Heart failure means your heart isn’t pumping as well as it should. It’s getting weaker. Your heart has trouble supplying the rest of your body with the oxygen it needs. Heart failure comes on gradually. What causes congestive heart failure and are you at risk?
Heart failure is more common in people 65 years and older. People who’ve had a heart attack are at risk of heart failure. So are people who are overweight because excess weight makes your heart work harder. Other common conditions and lifestyle habits can put you at risk.
Common Causes of Heart Failure
Three common conditions are the most congestive heart failure causes:
- Coronary artery disease (heart disease). Heart disease stems from the buildup of a waxy substance called plaque inside your coronary arteries. They’re the blood vessels that bring blood to your heart muscles. When the heart muscles don’t get enough oxygen from blood, the heart may start to weaken. Heart failure can result. If plaque builds up enough to block blood flow, you could have the chest paincalled angina.
- Diabetes. This disease makes it hard for your body to use the glucose (sugar) that’s in the foods you eat. The sugar can build up in your blood. High blood sugar levels can damage your heart muscles and blood vessels. Both can lead to heart failure.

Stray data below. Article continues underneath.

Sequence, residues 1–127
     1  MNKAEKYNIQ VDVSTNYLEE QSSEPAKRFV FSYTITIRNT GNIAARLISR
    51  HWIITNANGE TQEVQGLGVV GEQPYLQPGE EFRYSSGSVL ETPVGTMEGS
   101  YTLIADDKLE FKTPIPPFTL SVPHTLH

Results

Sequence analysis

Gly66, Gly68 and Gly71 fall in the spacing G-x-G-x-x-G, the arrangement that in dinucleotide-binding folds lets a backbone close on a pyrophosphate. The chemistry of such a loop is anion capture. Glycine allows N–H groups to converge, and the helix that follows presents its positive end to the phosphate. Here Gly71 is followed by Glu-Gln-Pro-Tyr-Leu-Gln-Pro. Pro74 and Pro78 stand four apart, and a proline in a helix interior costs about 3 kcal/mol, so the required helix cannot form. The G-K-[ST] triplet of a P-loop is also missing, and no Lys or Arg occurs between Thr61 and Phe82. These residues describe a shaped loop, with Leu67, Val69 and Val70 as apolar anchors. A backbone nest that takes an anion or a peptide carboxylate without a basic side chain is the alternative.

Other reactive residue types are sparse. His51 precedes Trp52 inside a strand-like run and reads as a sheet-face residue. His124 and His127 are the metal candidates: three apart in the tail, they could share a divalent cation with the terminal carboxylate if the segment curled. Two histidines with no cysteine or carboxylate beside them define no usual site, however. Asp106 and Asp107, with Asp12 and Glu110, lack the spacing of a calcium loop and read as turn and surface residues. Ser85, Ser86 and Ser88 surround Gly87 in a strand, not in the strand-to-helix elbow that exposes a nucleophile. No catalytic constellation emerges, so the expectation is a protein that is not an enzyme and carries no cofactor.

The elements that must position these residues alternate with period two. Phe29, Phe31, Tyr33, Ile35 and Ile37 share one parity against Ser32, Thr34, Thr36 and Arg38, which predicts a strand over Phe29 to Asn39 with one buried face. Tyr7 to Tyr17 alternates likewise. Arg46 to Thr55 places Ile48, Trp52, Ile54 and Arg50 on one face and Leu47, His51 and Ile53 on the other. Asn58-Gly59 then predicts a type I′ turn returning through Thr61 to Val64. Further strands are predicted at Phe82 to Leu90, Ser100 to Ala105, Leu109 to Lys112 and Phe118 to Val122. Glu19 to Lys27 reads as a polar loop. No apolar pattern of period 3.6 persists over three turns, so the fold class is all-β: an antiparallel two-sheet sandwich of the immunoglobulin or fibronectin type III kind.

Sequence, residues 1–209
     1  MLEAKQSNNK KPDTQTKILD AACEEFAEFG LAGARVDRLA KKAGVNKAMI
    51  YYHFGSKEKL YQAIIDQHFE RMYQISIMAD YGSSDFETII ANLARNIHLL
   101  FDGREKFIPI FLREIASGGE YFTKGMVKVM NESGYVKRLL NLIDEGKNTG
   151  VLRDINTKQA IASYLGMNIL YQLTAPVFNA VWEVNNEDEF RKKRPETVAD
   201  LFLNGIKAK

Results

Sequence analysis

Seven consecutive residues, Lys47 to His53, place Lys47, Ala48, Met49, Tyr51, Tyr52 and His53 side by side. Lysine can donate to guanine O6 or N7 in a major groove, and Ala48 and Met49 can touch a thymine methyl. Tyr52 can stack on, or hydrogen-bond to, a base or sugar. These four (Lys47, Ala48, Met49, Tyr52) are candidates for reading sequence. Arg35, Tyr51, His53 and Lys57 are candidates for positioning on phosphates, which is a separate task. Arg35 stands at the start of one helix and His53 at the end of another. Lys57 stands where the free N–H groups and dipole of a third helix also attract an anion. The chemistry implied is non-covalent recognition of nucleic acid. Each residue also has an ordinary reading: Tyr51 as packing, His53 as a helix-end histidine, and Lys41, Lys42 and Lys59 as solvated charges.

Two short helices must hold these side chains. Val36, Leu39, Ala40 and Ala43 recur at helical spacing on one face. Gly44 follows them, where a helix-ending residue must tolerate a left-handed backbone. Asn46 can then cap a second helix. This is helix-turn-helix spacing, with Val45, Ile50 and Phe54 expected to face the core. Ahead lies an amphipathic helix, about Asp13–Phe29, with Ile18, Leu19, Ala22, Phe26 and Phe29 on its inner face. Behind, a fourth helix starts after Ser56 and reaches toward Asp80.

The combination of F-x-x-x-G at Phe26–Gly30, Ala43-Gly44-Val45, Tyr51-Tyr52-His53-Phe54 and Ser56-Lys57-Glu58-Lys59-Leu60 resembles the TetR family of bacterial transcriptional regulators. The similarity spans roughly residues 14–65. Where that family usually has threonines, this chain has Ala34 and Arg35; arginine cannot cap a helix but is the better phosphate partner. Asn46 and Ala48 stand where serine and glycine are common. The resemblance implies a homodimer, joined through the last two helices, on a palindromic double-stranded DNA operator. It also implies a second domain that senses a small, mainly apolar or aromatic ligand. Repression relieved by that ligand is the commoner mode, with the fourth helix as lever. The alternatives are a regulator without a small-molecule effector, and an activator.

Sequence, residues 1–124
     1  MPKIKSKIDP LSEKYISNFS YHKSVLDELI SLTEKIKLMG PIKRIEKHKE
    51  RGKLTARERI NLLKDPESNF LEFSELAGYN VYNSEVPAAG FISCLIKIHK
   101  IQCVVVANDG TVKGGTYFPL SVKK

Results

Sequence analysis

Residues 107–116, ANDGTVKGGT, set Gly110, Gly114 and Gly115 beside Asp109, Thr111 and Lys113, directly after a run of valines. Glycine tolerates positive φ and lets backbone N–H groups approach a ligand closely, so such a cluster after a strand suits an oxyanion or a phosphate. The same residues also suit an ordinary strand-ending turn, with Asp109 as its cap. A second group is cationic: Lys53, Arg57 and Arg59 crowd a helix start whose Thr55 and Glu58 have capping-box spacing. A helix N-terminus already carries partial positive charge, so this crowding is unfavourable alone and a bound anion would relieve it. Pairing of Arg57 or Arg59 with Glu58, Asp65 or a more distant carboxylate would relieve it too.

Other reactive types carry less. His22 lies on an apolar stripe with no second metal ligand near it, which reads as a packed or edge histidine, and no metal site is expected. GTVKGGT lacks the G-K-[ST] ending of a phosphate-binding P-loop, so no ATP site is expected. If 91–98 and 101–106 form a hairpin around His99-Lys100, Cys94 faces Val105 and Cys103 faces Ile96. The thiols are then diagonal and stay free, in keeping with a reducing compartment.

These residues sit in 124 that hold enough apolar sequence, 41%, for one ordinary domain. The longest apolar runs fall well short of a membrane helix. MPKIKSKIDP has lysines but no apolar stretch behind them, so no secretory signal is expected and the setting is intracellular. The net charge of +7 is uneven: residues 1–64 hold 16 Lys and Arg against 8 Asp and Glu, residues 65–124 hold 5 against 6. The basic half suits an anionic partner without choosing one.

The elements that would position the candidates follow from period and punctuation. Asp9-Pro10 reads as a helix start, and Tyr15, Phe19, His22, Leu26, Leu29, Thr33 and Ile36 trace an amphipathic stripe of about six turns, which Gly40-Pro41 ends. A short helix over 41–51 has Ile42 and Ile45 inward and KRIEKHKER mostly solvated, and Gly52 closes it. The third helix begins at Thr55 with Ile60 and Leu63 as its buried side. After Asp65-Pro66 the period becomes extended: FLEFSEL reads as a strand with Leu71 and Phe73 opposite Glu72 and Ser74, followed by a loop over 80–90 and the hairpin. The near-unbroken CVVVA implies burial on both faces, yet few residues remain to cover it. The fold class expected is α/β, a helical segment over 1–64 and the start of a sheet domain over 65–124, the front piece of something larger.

- High blood pressure. This is a buildup of pressure inside the arteries. More pressure means more work for your heart. This extra work can lead to weakening and heart failure.
If you have any of these conditions, work with your doctor to get them under control. Lifestyle changes and possibly medication should help. Heart failure has other causes too. They’re just less common. They include:
- Heart conditions you are born with
- Heart infections
- Heart valve disease
- Irregular heartbeats (arrhythmias)
- Thyroid problems
- Drug or alcohol abuse
Reducing Your Risk of Heart Failure
Heart failure can often be prevented. Even people at high risk can make it less likely they’ll develop heart failure. These steps can help:
- Do not abuse drugs or alcohol.
- Don’t smoke.
- Eat a healthy diet. Include lots of fruits, vegetables, and whole grains. Limit salt. Avoid foods and drinks with added sugar. Stay away from foods high in saturated fats.
- Lose weight if you are overweight or obese.
- Stay physically active. Try to get some exercise on most days.
Medical Reviewers: William C. Lloyd III | Last Review Date: 2017 Aug 12© 2019 Healthgrades Operating Company, Inc. The content on Healthgrades does not provide medical advice. Always consult a medical provider for diagnosis and treatment. All rights reserved. May not be reproduced or reprinted without permission from Healthgrades Operating Company, Inc. Use of this information is governed by the Healthgrades User Agreement.